Presentation on theme: "Geology of Petroleum Systems"— Presentation transcript:
1 Geology of Petroleum Systems In order to have a commercial hydrocarbon prospect, several requirement must be met. There must be (1) a hydrocarbon source, (2) a reservoir rock, and (3) a trap, Moreover, the relative time at which these features developed is important. The systematic assessment of these parameter and their affect on hydrocarbon occurrence is known as a Petroleum Systems approach to oil and gas evaluation.
2 Geology of Petroleum Systems 2 Petroleum GeologyGeology of Petroleum Systems 2Objectives are to be able to:Discuss basic elements of Petroleum SystemsDescribe plate tectonics and sedimentary basinsRecognize names of major sedimentary rock typesDescribe importance of sedimentary environments to petroleum industryDescribe the origin of petroleumIdentify hydrocarbon trap typesDefine and describe the important geologic controls on reservoir properties, porosity and permeability
3 Geology of Petroleum Systems 3 OutlineGeology of Petroleum Systems 3Petroleum Systems approachGeologic Principles and geologic timeRock and minerals, rock cycle, reservoir propertiesHydrocarbon origin, migration and accumulationSedimentary environments and facies; stratigraphic trapsPlate tectonics, basin development, structural geologyStructural traps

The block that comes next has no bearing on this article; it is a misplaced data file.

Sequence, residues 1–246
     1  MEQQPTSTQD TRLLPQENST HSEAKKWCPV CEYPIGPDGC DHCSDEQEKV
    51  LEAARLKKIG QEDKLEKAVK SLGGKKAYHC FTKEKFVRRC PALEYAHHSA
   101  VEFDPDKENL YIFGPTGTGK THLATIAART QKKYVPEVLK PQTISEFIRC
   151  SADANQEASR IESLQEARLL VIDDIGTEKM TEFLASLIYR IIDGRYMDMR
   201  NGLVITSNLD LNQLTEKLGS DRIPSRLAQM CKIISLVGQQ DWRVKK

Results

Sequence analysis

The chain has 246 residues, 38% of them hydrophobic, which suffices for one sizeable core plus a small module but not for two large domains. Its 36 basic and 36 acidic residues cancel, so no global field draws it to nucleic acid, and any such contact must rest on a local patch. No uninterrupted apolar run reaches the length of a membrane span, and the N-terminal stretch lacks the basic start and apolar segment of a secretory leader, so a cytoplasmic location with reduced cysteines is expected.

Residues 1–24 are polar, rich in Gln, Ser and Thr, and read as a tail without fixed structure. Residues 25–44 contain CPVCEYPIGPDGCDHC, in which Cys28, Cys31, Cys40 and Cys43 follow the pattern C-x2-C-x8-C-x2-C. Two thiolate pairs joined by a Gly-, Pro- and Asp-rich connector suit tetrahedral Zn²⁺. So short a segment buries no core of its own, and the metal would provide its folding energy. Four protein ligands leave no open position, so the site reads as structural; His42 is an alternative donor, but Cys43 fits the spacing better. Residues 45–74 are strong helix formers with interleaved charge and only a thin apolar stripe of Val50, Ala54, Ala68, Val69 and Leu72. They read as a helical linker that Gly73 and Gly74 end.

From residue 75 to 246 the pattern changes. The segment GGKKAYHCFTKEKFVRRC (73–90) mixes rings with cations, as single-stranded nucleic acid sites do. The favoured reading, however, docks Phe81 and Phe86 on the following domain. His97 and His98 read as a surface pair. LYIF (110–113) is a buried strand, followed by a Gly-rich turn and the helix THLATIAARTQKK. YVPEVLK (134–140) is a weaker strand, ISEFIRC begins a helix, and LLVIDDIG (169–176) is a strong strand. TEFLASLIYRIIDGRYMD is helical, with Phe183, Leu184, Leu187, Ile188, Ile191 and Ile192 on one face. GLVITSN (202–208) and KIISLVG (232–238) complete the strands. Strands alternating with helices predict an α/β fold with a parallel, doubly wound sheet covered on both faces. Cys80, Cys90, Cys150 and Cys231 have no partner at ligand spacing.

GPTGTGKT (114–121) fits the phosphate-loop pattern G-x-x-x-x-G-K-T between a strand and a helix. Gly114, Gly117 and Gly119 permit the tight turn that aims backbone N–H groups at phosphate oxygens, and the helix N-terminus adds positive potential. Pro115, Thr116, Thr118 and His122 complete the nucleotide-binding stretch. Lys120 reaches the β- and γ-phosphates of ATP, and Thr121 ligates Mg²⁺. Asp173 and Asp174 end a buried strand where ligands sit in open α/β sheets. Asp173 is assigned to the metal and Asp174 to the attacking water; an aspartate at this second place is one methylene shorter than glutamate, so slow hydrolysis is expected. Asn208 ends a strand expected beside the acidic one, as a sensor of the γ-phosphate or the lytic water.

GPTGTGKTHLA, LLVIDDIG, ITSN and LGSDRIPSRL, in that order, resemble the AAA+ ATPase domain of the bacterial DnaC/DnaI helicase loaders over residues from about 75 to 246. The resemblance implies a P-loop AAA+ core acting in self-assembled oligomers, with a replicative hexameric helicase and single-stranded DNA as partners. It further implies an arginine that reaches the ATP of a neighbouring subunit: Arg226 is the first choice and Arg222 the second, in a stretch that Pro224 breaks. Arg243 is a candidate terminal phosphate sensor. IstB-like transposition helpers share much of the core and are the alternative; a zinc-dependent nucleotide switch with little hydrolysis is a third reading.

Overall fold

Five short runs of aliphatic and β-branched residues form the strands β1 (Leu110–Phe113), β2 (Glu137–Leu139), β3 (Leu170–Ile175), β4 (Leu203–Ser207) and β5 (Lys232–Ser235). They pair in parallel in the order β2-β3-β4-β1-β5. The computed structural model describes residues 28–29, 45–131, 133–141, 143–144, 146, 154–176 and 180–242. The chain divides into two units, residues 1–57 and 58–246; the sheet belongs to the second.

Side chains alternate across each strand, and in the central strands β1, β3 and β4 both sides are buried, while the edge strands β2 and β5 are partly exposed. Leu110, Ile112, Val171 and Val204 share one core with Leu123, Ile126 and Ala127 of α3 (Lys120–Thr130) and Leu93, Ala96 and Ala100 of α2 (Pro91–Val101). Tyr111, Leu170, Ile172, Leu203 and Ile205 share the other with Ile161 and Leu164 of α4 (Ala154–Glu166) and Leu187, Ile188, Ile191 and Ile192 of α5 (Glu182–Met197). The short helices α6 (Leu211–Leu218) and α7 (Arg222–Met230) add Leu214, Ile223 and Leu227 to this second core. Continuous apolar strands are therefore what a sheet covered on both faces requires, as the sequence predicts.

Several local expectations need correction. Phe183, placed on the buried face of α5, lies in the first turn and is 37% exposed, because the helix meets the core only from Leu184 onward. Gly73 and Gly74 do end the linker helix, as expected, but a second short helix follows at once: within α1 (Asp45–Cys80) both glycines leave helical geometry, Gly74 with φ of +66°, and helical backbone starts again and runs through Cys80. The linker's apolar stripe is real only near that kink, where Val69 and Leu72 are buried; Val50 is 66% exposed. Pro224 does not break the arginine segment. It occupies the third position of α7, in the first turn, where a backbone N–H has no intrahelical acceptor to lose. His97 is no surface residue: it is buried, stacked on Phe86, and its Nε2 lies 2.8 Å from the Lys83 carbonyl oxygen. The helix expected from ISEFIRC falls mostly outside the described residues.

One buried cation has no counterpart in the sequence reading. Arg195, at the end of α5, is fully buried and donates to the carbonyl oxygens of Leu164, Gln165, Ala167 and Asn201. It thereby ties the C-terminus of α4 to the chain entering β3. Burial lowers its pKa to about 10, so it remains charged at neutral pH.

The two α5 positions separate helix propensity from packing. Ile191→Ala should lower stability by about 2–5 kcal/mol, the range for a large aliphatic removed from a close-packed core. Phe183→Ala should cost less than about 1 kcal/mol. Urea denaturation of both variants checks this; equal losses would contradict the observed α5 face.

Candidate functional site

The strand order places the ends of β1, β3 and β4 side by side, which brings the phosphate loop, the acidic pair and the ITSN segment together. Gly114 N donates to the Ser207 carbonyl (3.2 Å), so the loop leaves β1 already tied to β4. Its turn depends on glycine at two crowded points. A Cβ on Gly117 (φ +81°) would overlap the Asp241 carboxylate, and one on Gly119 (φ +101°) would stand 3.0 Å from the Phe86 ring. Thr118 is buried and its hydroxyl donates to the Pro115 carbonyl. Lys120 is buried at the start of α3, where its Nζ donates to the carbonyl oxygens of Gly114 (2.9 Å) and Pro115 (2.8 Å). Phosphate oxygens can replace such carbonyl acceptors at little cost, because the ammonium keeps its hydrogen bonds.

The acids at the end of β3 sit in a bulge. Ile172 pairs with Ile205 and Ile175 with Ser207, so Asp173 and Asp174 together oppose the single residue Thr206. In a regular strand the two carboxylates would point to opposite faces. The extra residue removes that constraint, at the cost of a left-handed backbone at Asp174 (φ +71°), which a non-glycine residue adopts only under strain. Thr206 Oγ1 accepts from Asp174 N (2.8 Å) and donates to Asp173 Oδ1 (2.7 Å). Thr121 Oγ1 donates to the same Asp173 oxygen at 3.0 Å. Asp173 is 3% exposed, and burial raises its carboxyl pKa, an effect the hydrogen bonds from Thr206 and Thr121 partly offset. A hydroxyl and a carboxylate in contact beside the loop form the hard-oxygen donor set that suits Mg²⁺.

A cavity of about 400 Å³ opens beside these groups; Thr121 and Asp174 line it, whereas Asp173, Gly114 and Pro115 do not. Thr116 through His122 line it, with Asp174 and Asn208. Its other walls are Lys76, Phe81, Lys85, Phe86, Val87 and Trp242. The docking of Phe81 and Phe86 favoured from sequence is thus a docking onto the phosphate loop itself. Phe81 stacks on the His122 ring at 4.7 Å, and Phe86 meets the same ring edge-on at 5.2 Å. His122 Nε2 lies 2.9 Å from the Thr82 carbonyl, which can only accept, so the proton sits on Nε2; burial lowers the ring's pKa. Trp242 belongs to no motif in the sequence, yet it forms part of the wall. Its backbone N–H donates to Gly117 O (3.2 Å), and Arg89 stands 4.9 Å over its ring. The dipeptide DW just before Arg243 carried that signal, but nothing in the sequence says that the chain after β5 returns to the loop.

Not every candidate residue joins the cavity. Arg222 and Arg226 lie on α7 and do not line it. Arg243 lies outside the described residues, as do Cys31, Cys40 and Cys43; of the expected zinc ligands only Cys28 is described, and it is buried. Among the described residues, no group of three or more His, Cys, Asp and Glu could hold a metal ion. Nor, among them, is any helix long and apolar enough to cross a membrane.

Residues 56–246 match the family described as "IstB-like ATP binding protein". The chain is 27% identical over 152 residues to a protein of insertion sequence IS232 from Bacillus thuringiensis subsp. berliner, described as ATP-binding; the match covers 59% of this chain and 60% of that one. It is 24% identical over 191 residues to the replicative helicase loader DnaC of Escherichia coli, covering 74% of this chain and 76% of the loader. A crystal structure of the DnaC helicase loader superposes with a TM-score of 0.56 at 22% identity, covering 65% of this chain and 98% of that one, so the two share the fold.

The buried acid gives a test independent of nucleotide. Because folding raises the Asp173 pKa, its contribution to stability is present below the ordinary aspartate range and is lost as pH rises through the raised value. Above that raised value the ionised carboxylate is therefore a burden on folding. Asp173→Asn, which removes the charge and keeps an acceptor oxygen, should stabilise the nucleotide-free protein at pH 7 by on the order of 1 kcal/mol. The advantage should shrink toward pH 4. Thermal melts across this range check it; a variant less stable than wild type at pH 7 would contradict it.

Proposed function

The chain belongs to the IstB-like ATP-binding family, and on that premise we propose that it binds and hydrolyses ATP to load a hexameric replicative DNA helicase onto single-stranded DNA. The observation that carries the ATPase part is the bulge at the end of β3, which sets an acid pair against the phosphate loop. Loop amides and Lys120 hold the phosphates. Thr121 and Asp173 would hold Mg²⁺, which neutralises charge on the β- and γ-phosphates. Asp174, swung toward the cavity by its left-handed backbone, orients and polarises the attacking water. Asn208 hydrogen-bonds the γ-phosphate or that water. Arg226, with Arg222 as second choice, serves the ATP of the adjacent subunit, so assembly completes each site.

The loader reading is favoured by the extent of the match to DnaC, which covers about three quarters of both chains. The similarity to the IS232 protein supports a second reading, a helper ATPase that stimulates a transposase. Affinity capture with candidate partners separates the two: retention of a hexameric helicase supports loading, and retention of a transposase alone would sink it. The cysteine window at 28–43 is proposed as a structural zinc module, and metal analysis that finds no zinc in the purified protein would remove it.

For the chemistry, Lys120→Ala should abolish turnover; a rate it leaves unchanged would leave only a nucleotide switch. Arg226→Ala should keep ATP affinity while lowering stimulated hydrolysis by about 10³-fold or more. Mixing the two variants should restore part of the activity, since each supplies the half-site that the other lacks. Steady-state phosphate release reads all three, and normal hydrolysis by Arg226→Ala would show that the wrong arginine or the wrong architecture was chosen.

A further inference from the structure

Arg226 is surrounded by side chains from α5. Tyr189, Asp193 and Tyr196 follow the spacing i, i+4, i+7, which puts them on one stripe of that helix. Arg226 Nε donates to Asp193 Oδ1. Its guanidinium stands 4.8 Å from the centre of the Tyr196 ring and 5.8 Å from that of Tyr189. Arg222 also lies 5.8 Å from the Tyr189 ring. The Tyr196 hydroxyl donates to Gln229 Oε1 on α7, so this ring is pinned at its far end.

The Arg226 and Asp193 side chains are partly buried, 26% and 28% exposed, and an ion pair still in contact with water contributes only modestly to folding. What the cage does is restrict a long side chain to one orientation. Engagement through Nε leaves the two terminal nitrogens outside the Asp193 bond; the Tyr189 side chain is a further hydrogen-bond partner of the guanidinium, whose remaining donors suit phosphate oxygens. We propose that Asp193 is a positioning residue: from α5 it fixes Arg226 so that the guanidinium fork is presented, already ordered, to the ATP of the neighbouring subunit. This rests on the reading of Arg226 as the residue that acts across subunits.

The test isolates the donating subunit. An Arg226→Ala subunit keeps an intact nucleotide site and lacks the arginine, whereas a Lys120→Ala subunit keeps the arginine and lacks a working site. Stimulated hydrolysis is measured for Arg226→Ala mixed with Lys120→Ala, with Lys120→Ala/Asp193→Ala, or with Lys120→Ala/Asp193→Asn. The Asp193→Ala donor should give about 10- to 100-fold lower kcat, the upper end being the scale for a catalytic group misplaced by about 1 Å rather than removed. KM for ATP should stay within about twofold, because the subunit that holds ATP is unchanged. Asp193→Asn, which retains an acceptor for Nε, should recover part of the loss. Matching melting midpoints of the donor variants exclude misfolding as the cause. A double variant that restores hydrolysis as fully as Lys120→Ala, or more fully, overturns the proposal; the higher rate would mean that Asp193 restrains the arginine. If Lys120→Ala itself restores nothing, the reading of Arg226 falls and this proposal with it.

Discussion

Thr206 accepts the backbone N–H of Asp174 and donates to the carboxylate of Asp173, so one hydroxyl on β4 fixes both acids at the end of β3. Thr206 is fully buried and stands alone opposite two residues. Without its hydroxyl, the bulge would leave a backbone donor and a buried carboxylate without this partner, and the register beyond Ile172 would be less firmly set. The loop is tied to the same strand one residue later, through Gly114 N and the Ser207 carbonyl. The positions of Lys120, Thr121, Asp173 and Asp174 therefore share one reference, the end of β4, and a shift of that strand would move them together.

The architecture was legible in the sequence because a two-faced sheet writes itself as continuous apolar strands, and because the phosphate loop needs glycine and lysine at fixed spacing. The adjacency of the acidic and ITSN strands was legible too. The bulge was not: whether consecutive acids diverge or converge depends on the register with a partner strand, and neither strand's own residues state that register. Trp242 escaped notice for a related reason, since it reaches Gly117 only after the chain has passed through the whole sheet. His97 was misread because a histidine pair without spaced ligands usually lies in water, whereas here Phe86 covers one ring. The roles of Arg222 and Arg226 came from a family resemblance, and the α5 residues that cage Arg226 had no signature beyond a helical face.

4 Geology of Petroleum Systems 4 Petroleum System - A DefinitionA Petroleum System is a dynamic hydrocarbonsystem that functions in a restricted geologicspace and time scale.A Petroleum System requires timelyconvergence of geologic events essential tothe formation of petroleum deposits.These Include:Mature source rockHydrocarbon expulsionHydrocarbon migrationHydrocarbon accumulationHydrocarbon retention(modified from Demaison and Huizinga, 1994)
5 Geology of Petroleum Systems 5 Cross Section Of A Petroleum SystemGeology of Petroleum Systems 5(Foreland Basin Example)Geographic Extent of Petroleum SystemExtent of PlayExtent of Prospect/FieldOOOStratigraphicExtent ofPetroleumOverburden RockSystemEssentialElementsSeal RockofReservoir RockThis cross section shows the elements of a Petroleum System. Potential reservoir sandstones (yellow), deposited at the basin margin, intertongue to the left with organic-rich source rocks. Owing to the increasing temperature with depth, the source rocks are mature for gas in the deep basin. Below the oil window, the source rocks are generating oil. Hydrocarbons migrate up the flank of the basin and accumulate in a trap (structural). The layer overlying the reservoir is a low-permeability seal. In order to have a commercial field/ prospect, the trap must form prior to hydrocarbon migration, and the trap must have maintained its integrity.Basin FillPetroleumSedimentaryPod of ActiveSystemSource RockSource RockUnderburden RockPetroleum Reservoir (O)Basement RockFold-and-Thrust BeltTop Oil Window(arrows indicate relative fault motion)Top Gas Window(modified from Magoon and Dow, 1994)